story by Michael Tilley
Whirlpool Corp. recently bought a full-page newspaper ad in the Tulsa World touting the appliance maker’s commitment to creating U.S. jobs by saying it is: "Building the best in the world right here at home."
The advertisement presents an unavoidable irony for Fort Smith and Arkansas considering Whirlpool's departure from Fort Smith and sending most of the production to plants in Mexico.
In June, Whirlpool closed its refrigeration production plant in Fort Smith, ending more than 45 years of Whirlpool operations at the plant. The move resulted in about 1,000 lost jobs when the plant closed. However, Whirlpool, which employed more than 4,500 at the Fort Smith plant in 2006, moved production out of the plant for several years prior to the closing. Most of that production was moved to facilities in or near Monterrey and Ramos Arizpe, Mexico.
The loss of the about 1,000 Whirlpool jobs in Fort Smith is estimated to result in the overall statewide loss of almost 1,550 jobs and a labor income reduction of $61.15 million, according to an economic impact model prepared by Gregory Hamilton, senior research economist at the University of Arkansas at Little Rock, for The City Wire.
Whirlpool employs about 900 in Tulsa at a plant that makes gas and electric ranges.
Language in the ad notes: “For 101 years, we’ve been committed to designing, engineering and assembling the best appliances bar none, and 80% of those sold in the U.S. come from our U.S. factories.”
“Every day, the 22,000 men and women we employ devote their skills to moving this country forward by building products that improve lives, one home, one family at a time. Whirlpool Corporation is proud to be a part of what makes this country great.” (A full image of the ad is posted at the end of this story.)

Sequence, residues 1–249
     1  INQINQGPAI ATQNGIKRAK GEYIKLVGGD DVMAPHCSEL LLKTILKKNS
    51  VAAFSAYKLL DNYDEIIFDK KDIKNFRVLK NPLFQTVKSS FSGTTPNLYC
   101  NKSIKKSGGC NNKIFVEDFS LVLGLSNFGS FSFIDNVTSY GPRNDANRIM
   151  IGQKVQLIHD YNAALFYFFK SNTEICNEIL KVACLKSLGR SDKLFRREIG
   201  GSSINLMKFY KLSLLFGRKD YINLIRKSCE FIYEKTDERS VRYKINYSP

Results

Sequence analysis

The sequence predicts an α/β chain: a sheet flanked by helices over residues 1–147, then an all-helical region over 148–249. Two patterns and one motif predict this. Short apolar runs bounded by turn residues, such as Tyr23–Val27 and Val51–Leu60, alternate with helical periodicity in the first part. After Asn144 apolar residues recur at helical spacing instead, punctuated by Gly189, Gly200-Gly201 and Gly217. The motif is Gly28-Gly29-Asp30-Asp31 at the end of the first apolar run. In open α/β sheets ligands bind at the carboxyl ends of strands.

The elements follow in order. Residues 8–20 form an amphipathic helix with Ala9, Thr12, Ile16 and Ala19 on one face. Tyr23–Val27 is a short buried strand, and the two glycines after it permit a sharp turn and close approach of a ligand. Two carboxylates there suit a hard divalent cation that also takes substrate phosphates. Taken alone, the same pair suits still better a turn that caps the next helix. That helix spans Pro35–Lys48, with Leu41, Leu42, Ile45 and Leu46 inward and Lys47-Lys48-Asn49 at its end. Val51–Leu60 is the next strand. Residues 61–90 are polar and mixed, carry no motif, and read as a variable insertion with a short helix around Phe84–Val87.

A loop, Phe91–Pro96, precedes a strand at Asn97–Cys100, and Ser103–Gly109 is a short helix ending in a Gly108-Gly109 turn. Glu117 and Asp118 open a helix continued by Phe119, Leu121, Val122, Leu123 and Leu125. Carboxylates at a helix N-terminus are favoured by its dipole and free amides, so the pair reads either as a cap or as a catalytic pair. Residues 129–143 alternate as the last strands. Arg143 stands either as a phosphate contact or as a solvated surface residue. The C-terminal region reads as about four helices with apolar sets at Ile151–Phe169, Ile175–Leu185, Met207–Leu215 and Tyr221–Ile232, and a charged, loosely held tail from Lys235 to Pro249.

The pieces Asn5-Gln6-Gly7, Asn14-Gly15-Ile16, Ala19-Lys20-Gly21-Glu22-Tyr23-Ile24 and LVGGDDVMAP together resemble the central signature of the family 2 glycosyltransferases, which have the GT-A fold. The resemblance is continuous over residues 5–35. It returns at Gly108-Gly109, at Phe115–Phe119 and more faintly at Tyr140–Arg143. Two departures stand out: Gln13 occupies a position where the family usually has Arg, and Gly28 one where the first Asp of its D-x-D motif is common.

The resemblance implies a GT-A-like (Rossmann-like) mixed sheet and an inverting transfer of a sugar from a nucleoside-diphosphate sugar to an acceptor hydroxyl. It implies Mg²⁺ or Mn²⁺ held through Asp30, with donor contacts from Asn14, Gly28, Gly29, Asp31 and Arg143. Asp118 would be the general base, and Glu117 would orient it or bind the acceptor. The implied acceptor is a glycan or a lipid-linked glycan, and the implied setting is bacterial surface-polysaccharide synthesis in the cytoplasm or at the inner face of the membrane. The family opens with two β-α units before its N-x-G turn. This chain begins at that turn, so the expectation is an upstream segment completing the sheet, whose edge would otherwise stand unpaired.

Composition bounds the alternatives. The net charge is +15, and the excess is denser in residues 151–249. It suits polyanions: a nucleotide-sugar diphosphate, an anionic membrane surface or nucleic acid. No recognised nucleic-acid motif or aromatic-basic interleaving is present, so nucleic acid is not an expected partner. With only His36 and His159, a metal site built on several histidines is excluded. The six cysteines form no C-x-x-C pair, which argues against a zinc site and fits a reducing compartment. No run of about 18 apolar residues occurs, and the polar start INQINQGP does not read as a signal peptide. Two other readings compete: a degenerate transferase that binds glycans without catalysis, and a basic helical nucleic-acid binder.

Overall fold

An official with the Fort Smith Regional Chamber of Commerce declined to comment.
Fort Smith Mayor Sandy Sanders, who retired from Whirlpool, was not reluctant to comment on Whirlpool’s ad.
“I think they left out some words. After that last sentence, after the part about ‘what makes this country great,’ they need to add, ‘except in Fort Smith, Arkansas,” Sanders said.
Arkansas Gov. Mike Beebe said Whirlpool’s commitment to keeping jobs in the U.S. is “not the experience we’ve seen with our workforce in Fort Smith,” said Matt DeCample, spokesman for Gov. Mike Beebe.
Whirlpool did not respond to requests for comment.
John Riggins, president of the central Arkansas-based The Riggins Group, suggested the Whirlpool advertisement was developed and placed to “prepare the groundwork for something later.”
“Obviously their message is not targeted to the people of Fort Smith and western Arkansas,” said Riggins, who spent 10 years with Little Rock-based Acxiom before launching his marketing strategy firm. “They have some other stakeholders they want to influence, maybe it is state or national legislation they want to influence. … I would presume that what they are doing is part of a longer term strategy.”
With an increase in media reports about a possible rebound in U.S. manufacturing jobs, it’s also possible Whirlpool is trying to position itself favorably if the early signs become a trend.
“It is certainly not going to be to the extent it was,” Riggins said of a possible return of manufacturing jobs, “but that is something they (Whirlpool) could be looking at.”
Riggins also advised people in the Fort Smith area to not worry about Whirlpool messaging.
“Personally, I wouldn’t spend time thinking about it. I would focus my energies on what to do to build Fort Smith and the surrounding area,” Riggins said. “Yes, it’s just natural to feel upset … but my recommendation is to just keep moving forward and focus on what Fort Smith does really well.”
Whirlpool also used the ad to direct people to a section of their website on which the company touts what it is doing to defend U.S. jobs, lobby for fair trade and champion its investments in U.S. operations.